One Day Build

DMX512 Data Rate “Limiter”

Final assembly on variboard

The Problem

You get what you pay for. So if you pay squat, you get squat.
In my case, we bought super cheap LED spots to light our small-ish techno parties via DMX512. The money saved went into a pretty neat and modern lighting console. The result is that the cheap LED spots can’t keep up with data rate of the not-so-cheap console. Which causes the LED spots to do exactly … diddly-squat.

After some investigation I came up with the idea to half the data rate by masking every other DMX packet.

Easier said then done.

How it works

The lighting console we use sends a DMX512 packet with 192 channels every 28 milliseconds, that’s roughly 36 Hz. The packets don’t contain all 512 channels because the console only uses the first 192 channels. That’s good because that means there’s a rather big gap between the end of one packet and the start of the next one.

I used a 555 timer as a mono-flop which is triggered by the start of a data packet and falls back somewhere inside that gap between packets.

At this point the output of the 555 reflects the packet freqency of the DMX signal.
The signal from the 555 is then inverted using a simple transistor circuit and connected to the clock input of a D-flipflop. The flip-flop acts a simple 2:1 frequency divider by routing the inverted output back to the D input.

That signal – now with half the frequency – is fed into the ‘output enable’ pin of a bus driver.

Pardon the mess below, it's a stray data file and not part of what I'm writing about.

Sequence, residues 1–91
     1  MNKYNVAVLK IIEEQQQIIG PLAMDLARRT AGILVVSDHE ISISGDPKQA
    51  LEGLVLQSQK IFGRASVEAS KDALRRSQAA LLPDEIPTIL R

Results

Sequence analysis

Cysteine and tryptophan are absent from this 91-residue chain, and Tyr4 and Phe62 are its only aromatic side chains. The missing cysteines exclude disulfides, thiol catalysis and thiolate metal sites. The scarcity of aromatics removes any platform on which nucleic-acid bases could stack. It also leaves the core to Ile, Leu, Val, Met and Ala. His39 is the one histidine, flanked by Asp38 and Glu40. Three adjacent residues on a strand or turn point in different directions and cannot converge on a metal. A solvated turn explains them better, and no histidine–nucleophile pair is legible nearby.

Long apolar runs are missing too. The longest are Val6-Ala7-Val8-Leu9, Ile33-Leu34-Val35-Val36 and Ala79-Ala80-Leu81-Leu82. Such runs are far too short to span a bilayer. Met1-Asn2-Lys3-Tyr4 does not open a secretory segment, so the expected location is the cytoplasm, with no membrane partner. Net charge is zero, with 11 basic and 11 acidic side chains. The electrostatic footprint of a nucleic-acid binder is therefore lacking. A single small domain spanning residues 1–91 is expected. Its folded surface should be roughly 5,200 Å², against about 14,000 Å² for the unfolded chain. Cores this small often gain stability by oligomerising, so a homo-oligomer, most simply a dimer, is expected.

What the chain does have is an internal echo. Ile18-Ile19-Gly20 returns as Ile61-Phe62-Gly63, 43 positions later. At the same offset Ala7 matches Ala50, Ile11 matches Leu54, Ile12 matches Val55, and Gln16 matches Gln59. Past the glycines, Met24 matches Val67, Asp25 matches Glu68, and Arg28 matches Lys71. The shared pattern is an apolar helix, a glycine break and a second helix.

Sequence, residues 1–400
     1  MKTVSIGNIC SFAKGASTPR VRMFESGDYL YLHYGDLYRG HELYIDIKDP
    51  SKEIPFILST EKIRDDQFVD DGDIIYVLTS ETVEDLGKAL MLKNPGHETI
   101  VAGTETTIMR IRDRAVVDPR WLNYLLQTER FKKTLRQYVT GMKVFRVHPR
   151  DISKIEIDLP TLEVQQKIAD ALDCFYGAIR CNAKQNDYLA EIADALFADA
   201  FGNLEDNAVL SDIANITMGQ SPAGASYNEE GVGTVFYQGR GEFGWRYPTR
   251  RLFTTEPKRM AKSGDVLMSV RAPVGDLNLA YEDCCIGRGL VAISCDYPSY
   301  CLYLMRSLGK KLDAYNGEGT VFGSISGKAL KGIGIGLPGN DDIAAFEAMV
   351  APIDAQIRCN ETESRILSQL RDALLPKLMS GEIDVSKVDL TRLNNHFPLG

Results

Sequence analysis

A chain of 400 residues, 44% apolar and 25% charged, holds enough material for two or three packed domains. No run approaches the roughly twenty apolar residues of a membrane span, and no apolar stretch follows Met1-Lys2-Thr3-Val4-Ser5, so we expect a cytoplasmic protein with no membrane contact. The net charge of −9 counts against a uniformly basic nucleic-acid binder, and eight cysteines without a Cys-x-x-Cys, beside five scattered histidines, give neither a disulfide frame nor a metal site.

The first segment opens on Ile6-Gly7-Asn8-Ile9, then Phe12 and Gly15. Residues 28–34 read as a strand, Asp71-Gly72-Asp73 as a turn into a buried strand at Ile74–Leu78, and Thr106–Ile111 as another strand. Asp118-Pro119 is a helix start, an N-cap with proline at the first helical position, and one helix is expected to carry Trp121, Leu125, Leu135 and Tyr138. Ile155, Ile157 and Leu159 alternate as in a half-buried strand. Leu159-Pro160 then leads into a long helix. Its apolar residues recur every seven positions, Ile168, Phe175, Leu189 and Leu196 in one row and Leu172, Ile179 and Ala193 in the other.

The image of the oscilloscope screen shows the DMX input signal as it is sent from the lighting desk in yellow.

Below, in green, is the output of the 555 timer which ist triggered by the lead in edge of the positive DMX line. The “on” time of that signal is determined by the monoflop timebase (R3 & C3 in the schematic) approximately 22 ms.

The Blue trace shows the output of the frequency divider which changes state at every falling edge of the 555 output. Since it’s the falling edge, the transitions of the control signal are well away from the DMX data. So, there’s very little danger of interference between the two. This signal then controls the output buffer. It’s negative logic, so the output is enabled when the signal is low.

And finally – in pink – the DMX output signal. Not much to say about this. On the screen it appears to be cleaner than the input signal. But that’s a lie. It’s just because nothing was connected to the output when I took the shot.

In order to supply the required current for the DMX bus without damaging the bus driver, I ganged four channels together for each DMX signal line.

Construction Site

It’s Alive !!!

Prototype under test

The choice of components isn’t really based on necessity but on availability in my stash.
Instead of the D-flipflop I wanted to use either a proper frequency divider or a counter.
The extra transistor to invert the signal wouldn’t be necessary if I’d used a counter/freq-div with falling edge triggering. And finally the use of a bidirectional 8-bit bus transceiver isn’t a good choice as an output stage. An actual RS485 bus transceiver would have been appropriate, but I don’t have one and I didn’t feel like buying one. So, a bus driver it is.

Quick and dirty casing

Et VoilĂ  !


I was planning on using a better (water proof) case … couldn’t be bothered. There’s also no protection circuitry anywhere. I built in a protection diode literally at the last minute, but if something goes wrong with that unit it could easily fry the lighting console. Well, no risk no fun, right!? Also, the circuit board is held in place by .. well .. nothing. It’s just wedged in there, somewhat fixed by the cables. It’ll be fine. For sure.